Build your plot like a spider's web of decisions, indecision, and character choices. You might end up writing out four or five different plots for your novel — yes, a little like a choose your own adventure book — but it'll help guide you as you write during November.

Giving your characters choices and options is a good thing. It can be a source of tension and conflict between the characters. It can help prevent you from getting stuck as you're writing, as you will already have a good idea of what will happen for each choice the character makes.

It is a lot more work this way, but the more you work with plots, the more you learn how choices impact characters and story, the easier it is to create better, deeper, and more engaging plots.

Plotting, like everything else in the world, is something you need to practice. The more you practice, the easier it gets. To start with, give your characters as many options as they can. You may find yourself gaining insight on what makes these people tick, and how they'd realistically react to certain situations.

Understand Resolution

Raising the stakes, enhancing the conflict, and nurturing tension among your characters is one of the basics of writing a novel. However, many people forget the importance of Resolution. Resolution is how conflict and tensions are resolved. The climax is the moment of truth, the moment before the resolution, where the character is poised on the brink of making a decision. The resolution is what follows the implementation of the decision.

Back to Lord of the Rings for a moment: The climax was the moment where Frodo stood on the edge of Mount Doom with the One Ring, struggling with himself about whether to throw the ring into the lava or not.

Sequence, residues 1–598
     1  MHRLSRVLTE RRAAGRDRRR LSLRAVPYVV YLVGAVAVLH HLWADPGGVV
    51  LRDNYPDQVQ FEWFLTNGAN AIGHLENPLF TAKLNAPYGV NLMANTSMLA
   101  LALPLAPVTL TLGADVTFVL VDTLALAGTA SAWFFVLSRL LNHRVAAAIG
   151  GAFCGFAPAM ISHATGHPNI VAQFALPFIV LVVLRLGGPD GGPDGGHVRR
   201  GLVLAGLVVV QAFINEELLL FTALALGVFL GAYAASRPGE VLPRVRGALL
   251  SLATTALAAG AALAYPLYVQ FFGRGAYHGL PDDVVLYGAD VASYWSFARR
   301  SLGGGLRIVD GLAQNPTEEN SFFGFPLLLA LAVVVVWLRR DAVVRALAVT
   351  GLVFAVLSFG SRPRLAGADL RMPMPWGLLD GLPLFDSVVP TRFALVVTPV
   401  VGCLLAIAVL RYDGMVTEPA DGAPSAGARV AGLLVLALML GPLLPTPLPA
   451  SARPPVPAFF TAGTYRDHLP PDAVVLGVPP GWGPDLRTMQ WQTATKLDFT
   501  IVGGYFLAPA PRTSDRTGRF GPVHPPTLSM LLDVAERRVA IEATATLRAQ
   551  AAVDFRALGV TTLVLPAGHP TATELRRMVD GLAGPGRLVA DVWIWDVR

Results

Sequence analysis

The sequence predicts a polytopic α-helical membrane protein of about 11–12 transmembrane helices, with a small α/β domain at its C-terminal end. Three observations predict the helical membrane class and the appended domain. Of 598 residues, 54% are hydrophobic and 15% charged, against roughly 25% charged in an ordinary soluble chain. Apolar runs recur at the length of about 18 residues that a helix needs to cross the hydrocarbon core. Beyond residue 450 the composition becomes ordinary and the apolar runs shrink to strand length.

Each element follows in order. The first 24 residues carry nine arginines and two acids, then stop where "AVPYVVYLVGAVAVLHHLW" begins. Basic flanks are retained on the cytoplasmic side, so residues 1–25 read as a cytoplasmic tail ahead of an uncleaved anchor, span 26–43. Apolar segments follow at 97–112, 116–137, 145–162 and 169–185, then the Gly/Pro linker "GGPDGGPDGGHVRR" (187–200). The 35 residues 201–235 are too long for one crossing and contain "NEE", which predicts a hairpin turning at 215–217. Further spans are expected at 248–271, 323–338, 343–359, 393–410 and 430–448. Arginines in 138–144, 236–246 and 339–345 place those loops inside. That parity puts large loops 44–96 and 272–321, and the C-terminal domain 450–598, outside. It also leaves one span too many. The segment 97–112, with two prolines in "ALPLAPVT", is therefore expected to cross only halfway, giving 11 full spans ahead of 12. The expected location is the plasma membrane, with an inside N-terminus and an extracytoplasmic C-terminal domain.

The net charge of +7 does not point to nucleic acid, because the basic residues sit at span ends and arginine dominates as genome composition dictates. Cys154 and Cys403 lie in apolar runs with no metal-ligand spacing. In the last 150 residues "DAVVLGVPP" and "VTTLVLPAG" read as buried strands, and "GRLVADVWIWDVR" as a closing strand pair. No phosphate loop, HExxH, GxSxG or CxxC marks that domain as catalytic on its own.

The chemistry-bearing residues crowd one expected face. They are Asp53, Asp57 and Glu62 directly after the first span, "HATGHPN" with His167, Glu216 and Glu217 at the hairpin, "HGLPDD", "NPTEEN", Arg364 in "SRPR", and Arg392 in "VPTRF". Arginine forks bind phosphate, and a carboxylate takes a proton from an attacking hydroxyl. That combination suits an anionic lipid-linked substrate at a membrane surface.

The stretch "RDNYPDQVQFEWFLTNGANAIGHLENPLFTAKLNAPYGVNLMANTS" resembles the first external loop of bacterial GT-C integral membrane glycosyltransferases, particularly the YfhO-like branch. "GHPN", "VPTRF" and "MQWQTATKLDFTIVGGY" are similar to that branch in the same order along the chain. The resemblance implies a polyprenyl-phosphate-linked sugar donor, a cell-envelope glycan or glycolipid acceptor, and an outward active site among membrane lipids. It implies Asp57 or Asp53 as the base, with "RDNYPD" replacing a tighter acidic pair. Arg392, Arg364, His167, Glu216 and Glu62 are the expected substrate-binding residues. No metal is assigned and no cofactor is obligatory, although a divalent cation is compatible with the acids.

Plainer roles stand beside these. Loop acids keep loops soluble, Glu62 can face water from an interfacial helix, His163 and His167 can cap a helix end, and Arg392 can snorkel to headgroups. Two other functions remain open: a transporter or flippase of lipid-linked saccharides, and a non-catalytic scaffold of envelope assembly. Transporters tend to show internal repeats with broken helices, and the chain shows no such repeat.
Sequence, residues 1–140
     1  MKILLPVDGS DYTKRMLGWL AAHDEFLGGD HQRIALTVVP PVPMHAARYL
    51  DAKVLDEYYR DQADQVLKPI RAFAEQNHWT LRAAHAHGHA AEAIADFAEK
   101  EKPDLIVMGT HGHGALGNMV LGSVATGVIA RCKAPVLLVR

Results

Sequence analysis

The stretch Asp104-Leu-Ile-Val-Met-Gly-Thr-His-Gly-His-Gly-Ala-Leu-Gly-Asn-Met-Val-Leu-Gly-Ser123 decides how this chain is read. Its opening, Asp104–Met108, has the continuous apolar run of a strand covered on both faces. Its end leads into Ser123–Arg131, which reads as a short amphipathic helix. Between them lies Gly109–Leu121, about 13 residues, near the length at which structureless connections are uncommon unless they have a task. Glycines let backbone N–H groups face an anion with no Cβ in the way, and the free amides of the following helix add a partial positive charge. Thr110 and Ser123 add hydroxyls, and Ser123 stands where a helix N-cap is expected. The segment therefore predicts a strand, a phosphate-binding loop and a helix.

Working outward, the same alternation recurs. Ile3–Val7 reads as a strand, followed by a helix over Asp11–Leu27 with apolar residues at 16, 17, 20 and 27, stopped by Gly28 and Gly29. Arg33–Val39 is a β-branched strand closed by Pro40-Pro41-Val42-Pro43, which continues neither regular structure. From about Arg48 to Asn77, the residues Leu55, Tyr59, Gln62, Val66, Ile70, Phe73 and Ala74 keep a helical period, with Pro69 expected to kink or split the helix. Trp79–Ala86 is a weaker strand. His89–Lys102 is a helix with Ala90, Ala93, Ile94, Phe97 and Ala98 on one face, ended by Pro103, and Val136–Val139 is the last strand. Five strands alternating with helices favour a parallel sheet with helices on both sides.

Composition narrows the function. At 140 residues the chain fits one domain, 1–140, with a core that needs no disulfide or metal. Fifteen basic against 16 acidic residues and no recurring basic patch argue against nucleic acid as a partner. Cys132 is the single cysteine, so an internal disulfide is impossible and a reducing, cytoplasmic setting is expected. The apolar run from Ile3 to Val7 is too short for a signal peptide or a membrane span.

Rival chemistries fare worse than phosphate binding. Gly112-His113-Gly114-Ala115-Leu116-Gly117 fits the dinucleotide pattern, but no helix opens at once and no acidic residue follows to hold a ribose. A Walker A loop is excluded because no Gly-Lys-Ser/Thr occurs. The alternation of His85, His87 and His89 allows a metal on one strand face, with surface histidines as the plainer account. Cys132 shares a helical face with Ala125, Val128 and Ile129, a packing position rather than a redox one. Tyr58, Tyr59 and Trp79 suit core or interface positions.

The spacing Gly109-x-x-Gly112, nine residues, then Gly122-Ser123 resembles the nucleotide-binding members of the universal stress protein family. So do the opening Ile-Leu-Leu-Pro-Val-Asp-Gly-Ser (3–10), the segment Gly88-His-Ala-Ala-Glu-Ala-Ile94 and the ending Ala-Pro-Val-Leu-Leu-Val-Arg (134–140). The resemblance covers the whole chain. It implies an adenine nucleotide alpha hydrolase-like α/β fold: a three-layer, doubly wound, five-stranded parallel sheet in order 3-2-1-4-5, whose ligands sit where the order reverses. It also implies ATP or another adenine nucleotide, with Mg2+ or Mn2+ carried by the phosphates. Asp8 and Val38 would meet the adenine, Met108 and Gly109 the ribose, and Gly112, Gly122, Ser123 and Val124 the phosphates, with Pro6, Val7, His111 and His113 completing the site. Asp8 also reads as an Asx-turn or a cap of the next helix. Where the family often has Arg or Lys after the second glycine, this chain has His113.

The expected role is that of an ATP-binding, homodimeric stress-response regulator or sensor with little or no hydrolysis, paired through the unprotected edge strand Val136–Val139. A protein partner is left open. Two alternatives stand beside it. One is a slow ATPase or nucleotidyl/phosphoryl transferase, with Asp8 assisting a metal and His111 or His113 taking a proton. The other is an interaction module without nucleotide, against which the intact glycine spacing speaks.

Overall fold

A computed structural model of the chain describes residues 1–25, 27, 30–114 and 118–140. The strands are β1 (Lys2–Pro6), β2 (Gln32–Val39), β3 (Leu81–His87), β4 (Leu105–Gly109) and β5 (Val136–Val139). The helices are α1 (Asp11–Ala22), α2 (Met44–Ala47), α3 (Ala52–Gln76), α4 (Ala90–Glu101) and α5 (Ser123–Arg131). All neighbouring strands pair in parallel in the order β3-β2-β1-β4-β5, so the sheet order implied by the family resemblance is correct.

The decision was to keep the ring.

However, Gollum had other thoughts on this decision. He takes the ring. (Yummy!) Frodo's decision is reversed.

This is where the resolution comes into play. Gollum taking the ring is another decision in the climax arc. The entirety of the situation is resolved when Gollum throws himself (with the ring) into the fires of Mount Doom.

The ring is destroyed.

The conflict is resolved.

Stories have many, many resolution points. Understand that not every conflict can last an entire story. Close the conflicts, resolve them as needed, and move on to the next challenge. That's how people handle things in real life.

How people handle things in real life is the foundation of how your characters handle things in your story.

Novels imitate life. Sure, we can throw in the mystical, the magical, the speculation, and things of fiction, but at the end of the day, readers connect with characters who feel real.

Characters who feel real have realistic reactions to problems. They feel things. They have quirks. They have likes, they have dislikes.

They try to resolve their problems or wallow in them. In short, you need to understand the relationship between people and the world around them, and how real people resolve real problems. Then, you can take all of this learning and apply it to people who were never real to begin with.

The Basics of Plotting

Conflict – Climax – Resolution

Have a problem. Force the characters to make a decision. Resolve the decision they've made, for better or for worse. A resolution doesn't have to mean it is good — it just is! A resolution is a fancy word for Consequence. There can be good consequences for a decision.

Characters make choices

Even outside of the climax moments, characters make decisions all of the time. Understand your characters, and understand why they make the choices they do. If you aren't sure why your character would do something, take a look at their personality, their culture, and their experiences.

Let your characters make the wrong choices, too. There is nothing wrong with failure. If anything, failure motivates characters to do better next time.

Write all of this stuff down

Plotting is keeping track of all of these little things. If you have an idea, write it down. You may never use that idea, but if you wrote it down, you'll remember it when you need an idea.

These are just the basics. More to come on all of these things, and a variety of different ways to track this information for use in November!

Good luck, writer!